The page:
The slippery slope begins when we start “getting high“ on other people’s life achievements instead of taking action to carve out our own path in life, which is exactly why the drug comparison works so perfectly.

HMS: How much cemetery research went into just setting up the story? Any favorites in New Orleans? Have you seen them in real life, and if so, what was that like?

CB: I was in New Orleans while developing the proposal and initial outline for this story, and I’ve visited New Orleans many times. The cemeteries there are like cities unto themselves–Necropoli. To walk through them fills me with a sense of awe and wonder. I feel haunted by the history. And I wanted to evoke that sensation in this book.

JS: No, unfortunately I haven’t had the chance to visit New Orleans, yet. Since I live in Germany, all of my research has to happen online.

HMS: Cullen, if you step back from the drug narrative, and the potentially supernatural narrative, we might be wading into a story about a family business facing the pressures of a takeover by a bigger company. What makes that the kind of story you’d like to tell?

CB: You’re absolutely right. This is a story about a family. This is a criminal organization that is bound by actual blood ties. Families can be…complicated. Only the people who you love most in the world can hurt you more deeply and betray you most viciously. And that’s without a criminal empire to run! So, I wanted to explore how families come together…or break apart…in the most trying of situations.

HMS: Cullen, Can you tell us a little more about each of the main characters in the story, and to what degree they are just practical business people, or to what degree the drug “Ash” might be meaningful to them?

CB: I don’t want to spoil too much about these characters, because part of the fun of the series will be discovering their secrets.

Andre is the family’s patriarch, a former small-timer who brought the family to their current lofty position. Grace is the matriarch of the Winters family, and she runs the day-to-day family operations. Brae, the oldest son, is an ambitious and angry young man who longs for the day he will be in charge. Fiona is the only daughter of the bunch, and she holds the secret to the supernatural drug they sell. Finn is Fiona’s twin brother, and he longs to be accepted as an equal by his family. Wade is the youngest of the Winters men, a dutiful young man who wants to do what’s best for his family.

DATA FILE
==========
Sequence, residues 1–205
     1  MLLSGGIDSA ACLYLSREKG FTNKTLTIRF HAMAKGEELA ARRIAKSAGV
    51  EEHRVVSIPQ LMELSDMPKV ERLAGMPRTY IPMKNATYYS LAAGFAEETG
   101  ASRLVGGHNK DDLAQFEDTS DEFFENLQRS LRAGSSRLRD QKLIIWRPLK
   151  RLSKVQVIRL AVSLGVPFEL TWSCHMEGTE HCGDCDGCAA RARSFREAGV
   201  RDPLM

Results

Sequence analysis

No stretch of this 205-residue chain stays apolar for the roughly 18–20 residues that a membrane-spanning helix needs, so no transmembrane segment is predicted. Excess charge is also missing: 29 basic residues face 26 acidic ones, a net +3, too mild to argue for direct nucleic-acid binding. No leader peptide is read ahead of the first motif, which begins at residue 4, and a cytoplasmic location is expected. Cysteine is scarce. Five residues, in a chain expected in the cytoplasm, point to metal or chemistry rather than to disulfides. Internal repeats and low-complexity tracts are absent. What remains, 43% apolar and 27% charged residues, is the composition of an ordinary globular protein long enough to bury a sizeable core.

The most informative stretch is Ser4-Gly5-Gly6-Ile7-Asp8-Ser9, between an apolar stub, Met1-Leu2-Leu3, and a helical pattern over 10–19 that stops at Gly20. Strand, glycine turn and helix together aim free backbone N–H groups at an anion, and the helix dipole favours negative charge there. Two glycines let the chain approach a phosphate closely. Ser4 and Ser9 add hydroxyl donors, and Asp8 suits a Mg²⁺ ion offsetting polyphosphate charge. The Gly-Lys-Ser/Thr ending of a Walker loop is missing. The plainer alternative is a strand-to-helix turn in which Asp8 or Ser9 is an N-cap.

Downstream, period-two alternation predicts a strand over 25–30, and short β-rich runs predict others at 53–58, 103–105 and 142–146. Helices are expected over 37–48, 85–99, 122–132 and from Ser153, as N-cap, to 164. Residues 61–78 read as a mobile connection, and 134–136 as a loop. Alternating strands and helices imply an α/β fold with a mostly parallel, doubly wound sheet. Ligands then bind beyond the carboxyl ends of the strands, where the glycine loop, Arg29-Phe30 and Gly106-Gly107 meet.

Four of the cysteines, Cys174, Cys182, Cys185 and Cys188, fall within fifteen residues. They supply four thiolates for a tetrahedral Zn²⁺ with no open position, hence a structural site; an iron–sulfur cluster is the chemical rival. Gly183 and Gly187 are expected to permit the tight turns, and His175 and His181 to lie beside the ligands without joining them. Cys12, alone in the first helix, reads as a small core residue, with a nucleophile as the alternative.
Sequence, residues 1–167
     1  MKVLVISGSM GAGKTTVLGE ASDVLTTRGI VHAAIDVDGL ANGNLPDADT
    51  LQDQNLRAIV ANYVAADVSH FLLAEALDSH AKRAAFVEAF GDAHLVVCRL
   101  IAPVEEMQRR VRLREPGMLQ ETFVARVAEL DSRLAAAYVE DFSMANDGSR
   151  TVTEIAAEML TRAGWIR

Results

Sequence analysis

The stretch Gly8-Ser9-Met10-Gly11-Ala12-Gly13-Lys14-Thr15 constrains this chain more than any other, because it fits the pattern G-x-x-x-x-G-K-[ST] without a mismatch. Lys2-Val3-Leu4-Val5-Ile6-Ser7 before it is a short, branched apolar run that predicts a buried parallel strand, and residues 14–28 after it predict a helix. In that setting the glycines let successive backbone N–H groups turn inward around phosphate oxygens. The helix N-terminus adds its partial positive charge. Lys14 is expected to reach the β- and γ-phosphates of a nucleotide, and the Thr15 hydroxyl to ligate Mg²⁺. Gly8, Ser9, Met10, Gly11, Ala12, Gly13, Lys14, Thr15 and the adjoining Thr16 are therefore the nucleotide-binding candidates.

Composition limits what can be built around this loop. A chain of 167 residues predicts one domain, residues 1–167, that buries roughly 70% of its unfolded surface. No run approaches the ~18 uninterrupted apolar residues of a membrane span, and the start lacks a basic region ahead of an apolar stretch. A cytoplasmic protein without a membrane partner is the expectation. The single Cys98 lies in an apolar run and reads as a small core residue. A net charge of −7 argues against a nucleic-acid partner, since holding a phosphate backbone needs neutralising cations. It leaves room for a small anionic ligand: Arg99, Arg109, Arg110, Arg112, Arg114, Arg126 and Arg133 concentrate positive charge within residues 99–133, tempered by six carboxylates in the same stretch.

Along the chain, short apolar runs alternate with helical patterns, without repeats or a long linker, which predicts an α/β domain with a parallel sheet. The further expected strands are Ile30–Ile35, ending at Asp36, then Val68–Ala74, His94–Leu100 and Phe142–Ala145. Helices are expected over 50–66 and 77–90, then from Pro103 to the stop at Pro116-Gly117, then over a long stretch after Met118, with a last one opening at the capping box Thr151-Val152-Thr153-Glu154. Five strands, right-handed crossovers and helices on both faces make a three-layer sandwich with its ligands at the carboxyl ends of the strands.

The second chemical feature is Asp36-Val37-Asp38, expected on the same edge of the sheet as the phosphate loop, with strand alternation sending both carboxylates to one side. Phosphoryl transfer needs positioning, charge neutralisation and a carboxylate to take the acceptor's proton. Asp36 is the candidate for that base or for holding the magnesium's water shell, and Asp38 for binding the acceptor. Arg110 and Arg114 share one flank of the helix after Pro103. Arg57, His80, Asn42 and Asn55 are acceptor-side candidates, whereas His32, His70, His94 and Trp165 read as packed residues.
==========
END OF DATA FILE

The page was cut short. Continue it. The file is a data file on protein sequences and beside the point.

HMS: Jonas, what drew you to work on this New Orleans-set story that involves old architecture, old houses, graveyards, and death-infused visions?

JS: Well, what draws me to a project isn’t necessarily the setting or genre, but the story and characters, as well as the team I’ll be working with. That being said, having a setting like New Orleans is an added bonus for sure! As you mentioned, the architecture is really interesting and unique and makes for a perfect backdrop for our story.

HMS: Jonas, do you have any strategies for making scenes ominous even before they become outright terrifying? How do you build up tension in a story that’s already set a lot in the dark, in creepy locations, and still make those bigger reveals shocking?

JS: To be honest, most of those decisions are based on intuition or a gut feeling. I usually start seeing parts of the scenes play out in my head as I read the script. From there, it’s just trying to put that on paper and filling in the gaps.

Of course, there are proven tricks and conventions that are effective, but at the end of the day, I’ll pick the shot that feels right to me and hope it translates to the audience. Sometimes it doesn’t, and that’s where editorial comes in and we work it out together.

Big thanks to both Cullen Bunn and Jonas Scharf for sharing their thoughts on their exciting new series with us here at Comicon.com!

Bone Parish #1 will be available for sale on July 25th, 2018 exclusively at local comic book shops (use comicshoplocator.com to find the nearest one). Digital copies can be purchased from content providers, including comiXology, iBooks, Google Play, and the Boom! Studios app.

Issue #1 reaches FOC on Monday, July 2nd, 2018, so get your orders in!